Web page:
Danger Ahead

Five road signs of abusive leadership

The rise of abusive leadership in Christian circles has not only led to more examples of failed leadership, but also overall shame on the body of Christ. Though identifying abuses of power within the church seems easy to do, stopping the injustice of abusing others isn't as simple. Yet for church leaders willing to deal with abuses of power—even their own—this could be the most important task they ever tackle.

My personal experience and theoretical inferences have revealed five indicators of those who abuse power. Think of it in terms of road warning signs. The more often we ignore the warning, the closer danger approaches. Here are five relational road signs to keep you on track.

Blind Curve Ahead—Lack of accountability: When church leaders compromise and ignore accountability, they tend to withdraw from partners, making solo decisions without counsel. Surrounding yourself with supporters unwilling to confront or challenge you is a great setup for failure. If not brought back on track, you'll continue to engage in compromising behavior that eventually leads to isolation and disaster.

Danger Zone—The rules no longer apply to you: Leaders who repeatedly compromise have decided their own rules of accountability no longer apply to them. They hold a higher standard for others than for themselves. And when others fail, they rarely show compassion and want those failing to "pay the price." In contrast, if the leader's actions are questioned, those questioning may be portrayed as disloyal or accusatory.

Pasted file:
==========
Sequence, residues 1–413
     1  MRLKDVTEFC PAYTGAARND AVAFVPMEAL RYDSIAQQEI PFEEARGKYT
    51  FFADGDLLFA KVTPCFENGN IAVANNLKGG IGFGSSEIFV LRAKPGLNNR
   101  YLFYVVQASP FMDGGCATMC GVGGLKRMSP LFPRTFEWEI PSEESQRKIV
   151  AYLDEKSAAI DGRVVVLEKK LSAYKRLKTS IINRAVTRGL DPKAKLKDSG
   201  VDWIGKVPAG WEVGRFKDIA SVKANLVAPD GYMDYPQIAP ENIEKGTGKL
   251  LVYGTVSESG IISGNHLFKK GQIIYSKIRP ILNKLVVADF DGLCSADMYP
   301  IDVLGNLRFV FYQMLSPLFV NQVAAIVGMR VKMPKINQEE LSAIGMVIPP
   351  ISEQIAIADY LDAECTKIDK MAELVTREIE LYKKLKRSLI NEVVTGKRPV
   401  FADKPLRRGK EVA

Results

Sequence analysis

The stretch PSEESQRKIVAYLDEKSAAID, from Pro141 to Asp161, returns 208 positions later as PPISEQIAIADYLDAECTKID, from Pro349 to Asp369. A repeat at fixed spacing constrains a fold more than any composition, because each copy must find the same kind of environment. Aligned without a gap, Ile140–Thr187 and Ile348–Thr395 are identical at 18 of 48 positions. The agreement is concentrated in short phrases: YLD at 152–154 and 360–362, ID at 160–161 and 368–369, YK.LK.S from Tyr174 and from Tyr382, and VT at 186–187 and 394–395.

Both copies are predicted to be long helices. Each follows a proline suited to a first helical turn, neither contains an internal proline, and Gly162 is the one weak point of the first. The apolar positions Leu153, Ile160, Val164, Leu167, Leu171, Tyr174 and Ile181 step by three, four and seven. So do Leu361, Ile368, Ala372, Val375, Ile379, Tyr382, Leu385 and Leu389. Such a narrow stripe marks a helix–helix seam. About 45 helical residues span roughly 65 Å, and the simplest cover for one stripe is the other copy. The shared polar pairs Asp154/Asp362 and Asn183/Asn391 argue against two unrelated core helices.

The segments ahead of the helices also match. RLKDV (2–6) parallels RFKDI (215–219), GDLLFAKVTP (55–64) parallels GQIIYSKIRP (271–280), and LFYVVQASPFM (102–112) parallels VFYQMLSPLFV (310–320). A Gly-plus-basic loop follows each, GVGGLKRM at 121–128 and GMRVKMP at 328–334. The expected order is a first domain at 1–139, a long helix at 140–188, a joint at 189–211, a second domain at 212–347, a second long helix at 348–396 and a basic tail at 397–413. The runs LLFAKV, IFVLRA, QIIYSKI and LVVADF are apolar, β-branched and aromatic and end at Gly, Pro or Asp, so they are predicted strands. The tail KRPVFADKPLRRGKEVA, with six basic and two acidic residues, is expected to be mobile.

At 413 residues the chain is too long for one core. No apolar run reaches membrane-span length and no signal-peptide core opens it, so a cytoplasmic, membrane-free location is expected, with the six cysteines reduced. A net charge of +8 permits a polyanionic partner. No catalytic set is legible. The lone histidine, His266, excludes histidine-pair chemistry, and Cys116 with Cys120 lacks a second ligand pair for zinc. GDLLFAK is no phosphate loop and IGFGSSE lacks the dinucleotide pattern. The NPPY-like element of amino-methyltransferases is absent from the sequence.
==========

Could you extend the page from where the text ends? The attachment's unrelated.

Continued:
One Way—My way or the highway: The next step on the downward spiral is a pious mentality and overpowering leadership. When leaders and followers are in disagreement, the failing leader is tempted to embrace a "bully" mentality, placing intense pressure on the follower to conform or walk the plank. In some cases, the abusing leader sets a tone of "my way or the highway," severing the relationship with followers and colleagues.

Road Closed—Compulsive control of information: Information is power, and those controlling the process and distribution of information control the environment. It is common for abusive leaders to hold information as bargaining chips to manipulate or oppress followers. In some cases, they will dangle baited conversations to test others' loyalty, intending to sabotage them.

Dead End—Paranoia: This is a crippling syndrome, often robbing leaders of potential and opportunity. With a constant fear of the resurrection of dead bodies known as unconfessed failures, paranoid leaders spend good energy looking over their shoulders hoping not to be caught in their sins. The results of covered sin include loss of sensitivity, poor judgment and hypocritical living, as seen in David's failure with Bathsheba.

Christian leaders often display the psalmist David as a poster child of good leadership, highlighting his freedom in worship, valor in battle, influence in leadership and notoriety as "a man after God's own heart." Yet we know of his failures and often recite his prayers of confession and repentance. Those hoping to espouse David's repentant heart and overcome their failures, should apply these five truths: (1) submit to godly counsel; (2) abide by godly rules; (3) deny your flesh for godly desire; (4) share godly insight within community; and (5) allow God's grace to restore your brokenness.

Although victorious, shame also marked David's life. Which will mark yours?

WILLIAM LAMB is the director of field experiences at Lee University's Leonard Center in Cleveland, Tenn.


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